'Because they are still living, turtles are commonplace objects to us; were they extinct, their shells - the most remarkable armour ever assumed by a tetrapod (4 legged) animal – would be a cause for wonder.'

This protective case has served them well, as adult sea turtles have relatively few predators, apart from sharks, crocodiles and humans.

Traditional hunting

The meat and eggs of Green turtles have been a traditional food for Aboriginal and Torres Strait Islander people for thousands of years.

Turtles on the menu

In the 19th century Green turtles were the main ingredient in a popular European delicacy, turtle soup. The abundance of green turtles on the Great Barrier Reef encouraged the Queensland Director of Fisheries, William Saville-Kent, to promote canned turtle meat and turtle shell industries in Queensland. In 1904 a cannery was established on Heron Island, harvesting female Green turtles as they came ashore to lay their eggs.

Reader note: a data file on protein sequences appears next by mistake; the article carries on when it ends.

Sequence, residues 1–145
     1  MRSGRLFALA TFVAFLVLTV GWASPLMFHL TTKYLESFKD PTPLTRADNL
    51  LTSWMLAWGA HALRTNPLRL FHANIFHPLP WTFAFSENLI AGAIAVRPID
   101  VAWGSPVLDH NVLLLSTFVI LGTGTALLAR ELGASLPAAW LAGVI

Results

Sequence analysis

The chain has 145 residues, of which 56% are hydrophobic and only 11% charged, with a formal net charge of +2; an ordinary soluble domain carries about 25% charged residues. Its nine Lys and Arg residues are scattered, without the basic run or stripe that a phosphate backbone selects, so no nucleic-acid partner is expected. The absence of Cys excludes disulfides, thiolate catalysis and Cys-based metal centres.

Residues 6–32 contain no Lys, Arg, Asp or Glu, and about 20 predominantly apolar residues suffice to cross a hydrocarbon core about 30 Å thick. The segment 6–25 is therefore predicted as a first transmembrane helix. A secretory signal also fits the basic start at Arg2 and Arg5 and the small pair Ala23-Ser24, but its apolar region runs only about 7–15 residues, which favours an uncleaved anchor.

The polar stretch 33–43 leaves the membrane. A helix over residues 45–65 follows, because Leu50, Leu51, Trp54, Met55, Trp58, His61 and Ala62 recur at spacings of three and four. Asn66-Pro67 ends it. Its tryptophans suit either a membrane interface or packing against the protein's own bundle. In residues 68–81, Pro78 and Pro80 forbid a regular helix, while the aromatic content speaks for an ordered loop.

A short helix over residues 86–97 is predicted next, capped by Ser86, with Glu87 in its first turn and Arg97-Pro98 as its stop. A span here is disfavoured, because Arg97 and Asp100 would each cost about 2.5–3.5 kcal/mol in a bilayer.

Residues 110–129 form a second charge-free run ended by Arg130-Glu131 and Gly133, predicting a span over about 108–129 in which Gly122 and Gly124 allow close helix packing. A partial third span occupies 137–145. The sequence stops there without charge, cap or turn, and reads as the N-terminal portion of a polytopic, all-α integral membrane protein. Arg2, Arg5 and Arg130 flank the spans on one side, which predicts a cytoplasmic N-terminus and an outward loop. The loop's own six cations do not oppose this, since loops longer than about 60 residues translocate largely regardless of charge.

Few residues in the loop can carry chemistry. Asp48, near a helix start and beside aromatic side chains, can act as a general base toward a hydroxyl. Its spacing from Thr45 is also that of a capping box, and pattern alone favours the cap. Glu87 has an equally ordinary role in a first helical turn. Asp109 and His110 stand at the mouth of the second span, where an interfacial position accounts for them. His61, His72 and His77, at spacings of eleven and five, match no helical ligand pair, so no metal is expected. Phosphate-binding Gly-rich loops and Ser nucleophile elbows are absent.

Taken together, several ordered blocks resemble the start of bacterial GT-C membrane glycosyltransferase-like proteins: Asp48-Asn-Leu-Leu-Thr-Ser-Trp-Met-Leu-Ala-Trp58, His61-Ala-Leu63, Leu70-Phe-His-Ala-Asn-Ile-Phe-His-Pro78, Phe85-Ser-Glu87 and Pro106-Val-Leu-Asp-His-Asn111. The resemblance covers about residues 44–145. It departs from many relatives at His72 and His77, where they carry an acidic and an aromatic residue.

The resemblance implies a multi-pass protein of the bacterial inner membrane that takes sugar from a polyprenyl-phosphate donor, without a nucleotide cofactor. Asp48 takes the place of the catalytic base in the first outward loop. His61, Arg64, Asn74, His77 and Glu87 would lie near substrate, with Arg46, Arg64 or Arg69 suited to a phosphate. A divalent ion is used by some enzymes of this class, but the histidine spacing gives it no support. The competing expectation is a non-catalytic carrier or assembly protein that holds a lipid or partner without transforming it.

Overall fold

The large numbers of female turtles coming ashore to nest, and the large clutches of eggs they laid, led people to believe that they were an inexhaustible resource. By the 1930s the cannery on Green Island closed for want of Green turtles to harvest and people began to realise that they reproduced at a very slow rate. Even so, turtles were still being commercially harvested in Queensland until the 1950s. All harvesting of turtles and their eggs has been banned in Queensland since 1968, apart from Aboriginal and Torres Strait Islander traditional hunting.

Turtles and tourism